The increasing interest in deep-space exploration has emphasized upon the need for powerful long-lived rocket systems to drive spacecraft through the cosmos. U.S. Department of Energy and Princeton Plasma Physics Laboratory researchers together have developed a tiny modified version of a plasma-based propulsion system. They have named it Hall thruster. It will increase the lifetime of the rocket and will also produce high power.
This miniaturized system is powered by plasma and the state of matter is composed of free-floating electrons and atomic nuclei, or ions. These things eliminate the walls around the plasma propellent to create innovative thruster configurations. There are two types of Hall thruster, one is cylindrical Hall thruster and another is fully wall-less Hall thruster. Both the Hall thrusters reduce channel erosion caused by plasma-wall interactions that limit the thruster lifetime. This was a key problem for conventional annular. This is why scientists have invented Hall thrusters to miniaturized low-power thrusters for applications on small satellites.
Cylindrical Hall thrusters have been invented by PPPL physicists Yevgeny Raitses and Nat Fisch in 1999. Laboratory’s Hall Thruster Experiment students have read it in details. Countries like Korea, Japan, China, Singapore, and the European Union has also studied the PPPL devices.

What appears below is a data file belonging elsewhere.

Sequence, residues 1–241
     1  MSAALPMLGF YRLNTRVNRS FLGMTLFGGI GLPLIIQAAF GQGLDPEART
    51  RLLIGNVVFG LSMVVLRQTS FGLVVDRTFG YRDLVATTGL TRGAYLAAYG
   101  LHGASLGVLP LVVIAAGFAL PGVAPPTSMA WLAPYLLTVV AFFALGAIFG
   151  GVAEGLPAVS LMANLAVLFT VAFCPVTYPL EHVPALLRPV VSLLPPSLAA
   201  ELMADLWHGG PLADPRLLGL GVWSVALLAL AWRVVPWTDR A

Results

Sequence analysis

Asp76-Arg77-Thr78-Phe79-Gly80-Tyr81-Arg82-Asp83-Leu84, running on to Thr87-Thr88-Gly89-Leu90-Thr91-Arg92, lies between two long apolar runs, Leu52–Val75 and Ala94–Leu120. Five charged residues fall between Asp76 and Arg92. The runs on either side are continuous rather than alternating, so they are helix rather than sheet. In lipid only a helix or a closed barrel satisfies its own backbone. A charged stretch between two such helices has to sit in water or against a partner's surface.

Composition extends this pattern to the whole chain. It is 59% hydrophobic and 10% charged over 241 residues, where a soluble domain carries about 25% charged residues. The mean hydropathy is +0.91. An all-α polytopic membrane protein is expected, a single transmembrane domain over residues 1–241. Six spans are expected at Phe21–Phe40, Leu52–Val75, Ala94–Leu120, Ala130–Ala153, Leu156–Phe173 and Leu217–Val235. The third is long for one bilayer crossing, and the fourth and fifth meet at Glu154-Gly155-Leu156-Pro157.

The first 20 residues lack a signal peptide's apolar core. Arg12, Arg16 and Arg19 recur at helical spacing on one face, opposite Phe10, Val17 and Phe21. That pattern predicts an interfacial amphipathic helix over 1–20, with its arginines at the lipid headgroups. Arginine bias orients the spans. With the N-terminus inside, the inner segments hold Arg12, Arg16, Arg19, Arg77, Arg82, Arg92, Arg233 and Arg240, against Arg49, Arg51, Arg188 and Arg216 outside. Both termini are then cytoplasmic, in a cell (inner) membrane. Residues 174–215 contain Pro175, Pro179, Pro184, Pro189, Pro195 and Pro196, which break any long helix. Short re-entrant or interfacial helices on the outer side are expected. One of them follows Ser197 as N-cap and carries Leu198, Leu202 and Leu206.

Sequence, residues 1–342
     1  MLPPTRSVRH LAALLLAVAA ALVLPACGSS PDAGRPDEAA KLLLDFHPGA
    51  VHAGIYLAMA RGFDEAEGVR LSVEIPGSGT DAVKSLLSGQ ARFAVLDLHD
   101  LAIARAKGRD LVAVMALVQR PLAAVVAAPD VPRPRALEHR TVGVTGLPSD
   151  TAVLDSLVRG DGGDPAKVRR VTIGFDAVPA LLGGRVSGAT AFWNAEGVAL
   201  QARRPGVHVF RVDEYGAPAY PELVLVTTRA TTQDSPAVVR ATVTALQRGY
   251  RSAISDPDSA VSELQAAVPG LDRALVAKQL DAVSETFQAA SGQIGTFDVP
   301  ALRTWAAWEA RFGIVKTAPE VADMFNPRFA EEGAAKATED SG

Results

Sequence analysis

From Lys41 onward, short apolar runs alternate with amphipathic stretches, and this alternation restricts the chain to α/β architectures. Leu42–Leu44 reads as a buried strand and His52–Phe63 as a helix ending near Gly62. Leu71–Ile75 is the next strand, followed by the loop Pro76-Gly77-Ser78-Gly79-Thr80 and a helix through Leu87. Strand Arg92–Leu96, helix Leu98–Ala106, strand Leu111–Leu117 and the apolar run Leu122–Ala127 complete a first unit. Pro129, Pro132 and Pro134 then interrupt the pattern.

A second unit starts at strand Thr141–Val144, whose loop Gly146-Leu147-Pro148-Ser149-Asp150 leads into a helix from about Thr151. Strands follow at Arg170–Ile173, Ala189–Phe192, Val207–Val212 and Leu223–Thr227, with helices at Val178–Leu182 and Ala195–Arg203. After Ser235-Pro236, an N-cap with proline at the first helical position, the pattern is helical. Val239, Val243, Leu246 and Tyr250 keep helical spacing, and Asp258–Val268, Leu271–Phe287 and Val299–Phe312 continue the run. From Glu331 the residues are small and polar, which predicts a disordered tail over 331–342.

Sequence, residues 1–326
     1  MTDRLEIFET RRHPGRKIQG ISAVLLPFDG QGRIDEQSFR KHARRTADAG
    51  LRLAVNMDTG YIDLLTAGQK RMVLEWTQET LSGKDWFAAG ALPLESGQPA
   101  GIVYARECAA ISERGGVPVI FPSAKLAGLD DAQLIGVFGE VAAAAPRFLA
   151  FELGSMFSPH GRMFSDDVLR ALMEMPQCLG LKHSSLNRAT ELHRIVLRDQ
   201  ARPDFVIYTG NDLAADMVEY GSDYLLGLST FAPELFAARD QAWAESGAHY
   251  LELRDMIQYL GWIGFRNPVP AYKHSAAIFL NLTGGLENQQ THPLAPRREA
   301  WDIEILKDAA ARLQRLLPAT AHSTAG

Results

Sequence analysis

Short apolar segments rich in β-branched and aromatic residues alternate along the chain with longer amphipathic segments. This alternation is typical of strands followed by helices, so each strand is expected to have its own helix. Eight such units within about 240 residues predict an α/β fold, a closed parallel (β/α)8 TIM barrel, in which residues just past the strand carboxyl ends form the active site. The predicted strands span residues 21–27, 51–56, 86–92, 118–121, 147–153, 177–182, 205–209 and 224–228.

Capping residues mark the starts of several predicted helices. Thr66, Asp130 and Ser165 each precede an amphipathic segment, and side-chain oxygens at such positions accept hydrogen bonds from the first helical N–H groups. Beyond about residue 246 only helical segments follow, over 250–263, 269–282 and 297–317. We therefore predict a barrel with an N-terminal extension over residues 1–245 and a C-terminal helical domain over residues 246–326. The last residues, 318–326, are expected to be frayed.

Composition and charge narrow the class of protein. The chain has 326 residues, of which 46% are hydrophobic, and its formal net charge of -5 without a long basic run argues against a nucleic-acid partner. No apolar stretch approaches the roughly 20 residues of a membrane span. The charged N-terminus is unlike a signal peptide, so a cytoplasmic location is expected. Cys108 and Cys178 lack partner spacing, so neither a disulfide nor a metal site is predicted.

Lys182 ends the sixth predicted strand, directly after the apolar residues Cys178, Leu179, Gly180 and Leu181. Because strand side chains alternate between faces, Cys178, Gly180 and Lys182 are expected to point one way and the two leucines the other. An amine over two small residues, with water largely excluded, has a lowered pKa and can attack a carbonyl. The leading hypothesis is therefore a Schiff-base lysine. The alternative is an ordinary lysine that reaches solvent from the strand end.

Wall-less Hall thrusters can minimize channel erosion. But they have problems such as extensive widening or divergence, of the plasma thrust plume. This type of problems degrades the system’s performance. PPPL has tried to reduce this problem by installing a key innovation on its new wall-less system in the form of a segmented electrode. This new innovation will not only reduce the divergence and helps to intensify the rocket thrust but it will also suppress the hiccups of small-size Hall thruster plasmas that interrupt the smooth delivery of power.
segmented electrodes had been used in Hall thrusters before. Scientists have previously used such electrodes to control the plasma flow in conventional annular Hall thrusters. But the new Simmonds is much stronger and has greater impact on the overall thruster operation and performance.